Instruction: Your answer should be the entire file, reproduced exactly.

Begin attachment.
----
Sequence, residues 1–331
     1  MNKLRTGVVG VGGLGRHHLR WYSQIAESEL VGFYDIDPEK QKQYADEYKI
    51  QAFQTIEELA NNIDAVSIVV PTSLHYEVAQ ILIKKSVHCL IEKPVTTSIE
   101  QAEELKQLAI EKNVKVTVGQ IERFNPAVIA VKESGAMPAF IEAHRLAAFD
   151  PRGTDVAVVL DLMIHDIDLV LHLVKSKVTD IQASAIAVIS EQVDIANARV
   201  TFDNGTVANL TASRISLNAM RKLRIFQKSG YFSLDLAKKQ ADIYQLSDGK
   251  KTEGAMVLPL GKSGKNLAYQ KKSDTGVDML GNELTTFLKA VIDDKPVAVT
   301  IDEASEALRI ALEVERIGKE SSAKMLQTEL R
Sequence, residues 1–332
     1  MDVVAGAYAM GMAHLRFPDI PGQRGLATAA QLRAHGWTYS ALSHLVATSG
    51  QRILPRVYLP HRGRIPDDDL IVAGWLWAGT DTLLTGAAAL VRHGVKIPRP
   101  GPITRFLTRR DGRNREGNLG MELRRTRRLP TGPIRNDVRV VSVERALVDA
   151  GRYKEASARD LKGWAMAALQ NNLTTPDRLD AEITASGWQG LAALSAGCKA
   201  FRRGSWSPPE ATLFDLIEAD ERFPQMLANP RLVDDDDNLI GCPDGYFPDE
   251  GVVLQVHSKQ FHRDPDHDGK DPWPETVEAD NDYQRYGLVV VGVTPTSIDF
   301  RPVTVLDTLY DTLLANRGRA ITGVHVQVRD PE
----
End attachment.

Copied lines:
Sequence, residues 1–331
     1  MNKLRTGVVG VGGLGRHHLR WYSQIAESEL VGFYDIDPEK QKQYADEYKI
    51  QAFQTIEELA NNIDAVSIVV PTSLHYEVAQ ILIKKSVHCL IEKPVTTSIE
   101  QAEELKQLAI EKNVKVTVGQ IERFNPAVIA VKESGAMPAF IEAHRLAAFD
   151  PRGTDVAVVL DLMIHDIDLV LHLVKSKVTD IQASAIAVIS EQVDIANARV
   201  TFDNGTVANL TASRISLNAM RKLRIFQKSG YFSLDLAKKQ ADIYQLSDGK
   251  KTEGAMVLPL GKSGKNLAYQ KKSDTGVDML GNELTTFLKA VIDDKPVAVT
   301  IDEASEALRI ALEVERIGKE SSAKMLQTEL R
Sequence, residues 1–332
     1  MDVVAGAYAM GMAHLRFPDI PGQRGLATAA QLRAHGWTYS ALSHLVATSG
    51  QRILPRVYLP HRGRIPDDDL IVAGWLWAGT DTLLTGAAAL VRHGVKIPRP
   101  GPITRFLTRR DGRNREGNLG MELRRTRRLP TGPIRNDVRV VSVERALVDA
   151  GRYKEASARD LKGWAMAALQ NNLTTPDRLD AEITASGWQG LAALSAGCKA
   201  FRRGSWSPPE ATLFDLIEAD ERFPQMLANP RLVDDDDNLI GCPDGYFPDE
   251  GVVLQVHSKQ FHRDPDHDGK DPWPETVEAD NDYQRYGLVV VGVTPTSIDF
   301  RPVTVLDTLY DTLLANRGRA ITGVHVQVRD PE